- The phone number where you can be reached
- Where you will be staying
- The name and phone number of an emergency contact person, close to home
- Your vet’s phone number and address
- An emergency clinic’s phone number and address
- A copy of your ferret’s medical records
- Any medications your ferret is taking along with written instructions as to when and how to administer and the dose. Demonstrate if necessary.
- An adequate supply of food along with any needed written instructions
- Cleaning supplies, litter and any change of bedding needed along with written instructions
- A written list of ferret-proofing precautions
Boarding your ferret
There are several boarding options if you prefer to have a pet boarding facility care for your ferret while you are away. Depending on where you live, you may or may not have some of these options.
- A veterinarian
- A ferret shelter
- A pet boarding facility
- A pet sitter (mentioned above)
Be sure to visit the place you plan to board your ferret and evaluate the overall conditions as well as the exact place your furry kid will be kept. Do not leave your ferret there unless you are completely comfortable with all aspects of the facility, the care givers and the accommodations. Ask any questions you may have and make sure they are answered satisfactorily.
You will need most of the information, instructions and items required for an in-home ferret sitter, along with a travel cage to take your ferret to and from the boarding location. You may also need to provide a regular cage, if the facility does not have a cage appropriate for a ferret.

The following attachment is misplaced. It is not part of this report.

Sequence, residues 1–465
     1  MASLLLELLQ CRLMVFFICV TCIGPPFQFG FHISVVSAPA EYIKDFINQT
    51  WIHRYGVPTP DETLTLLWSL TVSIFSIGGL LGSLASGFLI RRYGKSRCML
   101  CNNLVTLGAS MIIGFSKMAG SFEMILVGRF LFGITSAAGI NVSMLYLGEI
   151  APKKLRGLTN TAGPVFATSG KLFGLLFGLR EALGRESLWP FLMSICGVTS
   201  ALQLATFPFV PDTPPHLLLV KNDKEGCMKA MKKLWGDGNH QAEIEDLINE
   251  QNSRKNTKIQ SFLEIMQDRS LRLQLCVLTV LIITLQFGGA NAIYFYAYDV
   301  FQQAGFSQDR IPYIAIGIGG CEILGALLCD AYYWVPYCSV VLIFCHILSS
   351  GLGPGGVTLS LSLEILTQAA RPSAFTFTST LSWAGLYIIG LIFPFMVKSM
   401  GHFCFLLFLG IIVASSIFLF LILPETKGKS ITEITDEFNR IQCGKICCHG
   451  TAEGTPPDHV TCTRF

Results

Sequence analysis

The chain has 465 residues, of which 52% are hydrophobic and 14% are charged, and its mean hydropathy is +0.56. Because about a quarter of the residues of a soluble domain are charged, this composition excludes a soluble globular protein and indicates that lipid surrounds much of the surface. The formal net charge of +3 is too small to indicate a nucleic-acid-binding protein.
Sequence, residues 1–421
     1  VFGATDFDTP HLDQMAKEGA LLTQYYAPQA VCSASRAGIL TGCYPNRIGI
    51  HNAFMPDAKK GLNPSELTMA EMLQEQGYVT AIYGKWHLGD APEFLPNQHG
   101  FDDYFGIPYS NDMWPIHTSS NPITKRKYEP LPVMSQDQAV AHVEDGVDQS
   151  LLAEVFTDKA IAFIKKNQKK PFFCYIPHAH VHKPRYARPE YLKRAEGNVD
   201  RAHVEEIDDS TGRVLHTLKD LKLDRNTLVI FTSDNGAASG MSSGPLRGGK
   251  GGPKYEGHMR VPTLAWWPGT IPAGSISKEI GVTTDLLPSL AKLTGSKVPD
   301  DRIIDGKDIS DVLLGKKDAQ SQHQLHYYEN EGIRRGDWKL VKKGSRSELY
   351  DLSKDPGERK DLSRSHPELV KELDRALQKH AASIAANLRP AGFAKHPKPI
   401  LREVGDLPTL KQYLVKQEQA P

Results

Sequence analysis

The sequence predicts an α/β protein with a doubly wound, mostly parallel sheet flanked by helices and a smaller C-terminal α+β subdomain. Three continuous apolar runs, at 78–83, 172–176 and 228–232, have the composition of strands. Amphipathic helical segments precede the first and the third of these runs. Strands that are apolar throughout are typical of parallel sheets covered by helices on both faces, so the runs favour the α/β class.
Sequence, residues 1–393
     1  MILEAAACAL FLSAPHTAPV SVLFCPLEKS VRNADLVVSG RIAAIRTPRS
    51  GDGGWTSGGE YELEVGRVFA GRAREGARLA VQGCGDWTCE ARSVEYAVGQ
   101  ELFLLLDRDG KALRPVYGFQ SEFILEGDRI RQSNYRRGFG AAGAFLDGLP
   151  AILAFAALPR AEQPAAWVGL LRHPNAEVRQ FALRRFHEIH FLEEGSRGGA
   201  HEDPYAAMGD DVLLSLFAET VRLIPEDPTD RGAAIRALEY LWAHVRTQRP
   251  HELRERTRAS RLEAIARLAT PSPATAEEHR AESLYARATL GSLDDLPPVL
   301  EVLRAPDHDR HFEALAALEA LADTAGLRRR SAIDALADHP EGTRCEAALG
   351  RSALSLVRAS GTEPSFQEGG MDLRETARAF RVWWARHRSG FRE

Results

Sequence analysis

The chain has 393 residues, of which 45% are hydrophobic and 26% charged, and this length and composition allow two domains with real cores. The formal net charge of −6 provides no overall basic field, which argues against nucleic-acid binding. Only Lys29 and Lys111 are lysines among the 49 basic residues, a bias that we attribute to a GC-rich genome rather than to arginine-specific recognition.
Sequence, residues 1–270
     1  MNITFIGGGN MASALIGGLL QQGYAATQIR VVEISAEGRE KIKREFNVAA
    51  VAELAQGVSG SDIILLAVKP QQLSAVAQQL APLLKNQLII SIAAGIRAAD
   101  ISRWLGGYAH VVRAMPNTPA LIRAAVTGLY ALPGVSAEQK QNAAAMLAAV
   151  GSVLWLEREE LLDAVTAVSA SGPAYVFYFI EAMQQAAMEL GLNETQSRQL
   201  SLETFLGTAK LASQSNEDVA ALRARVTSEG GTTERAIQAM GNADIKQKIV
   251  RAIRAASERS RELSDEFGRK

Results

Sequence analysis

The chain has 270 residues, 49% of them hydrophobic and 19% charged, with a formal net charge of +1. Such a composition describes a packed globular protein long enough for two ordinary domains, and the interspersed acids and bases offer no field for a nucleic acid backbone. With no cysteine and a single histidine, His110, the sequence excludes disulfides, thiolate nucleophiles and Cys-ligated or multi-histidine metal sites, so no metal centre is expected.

Holiday with your pet ferret-should he stay or should he go?
Planning a vacation is fun–going on vacation is even more fun! Traveling with or without your ferret, with some careful planning and preparation, your holiday can be as stress-free as possible for you and your ferret.
Share this info with other ferret parents. Click on the links in this article for more info and products to prepare for your trip.
Have a great trip!
2 thoughts on “Holiday with Pet Ferret-Should He Stay or Should He Go?”
This is a very informative article with lots of great information! I have never thought about the challenges of traveling with a ferret. I have to ask you, how hard is it to train a ferret to walk on a leash? Is it the same as training a dog to walk on a leash? Ferrets are interesting animals!
I’m glad you liked it! Training a ferret is similar to training a dog to walk on a leash. But dogs want to please you. Ferrets want to please themselves!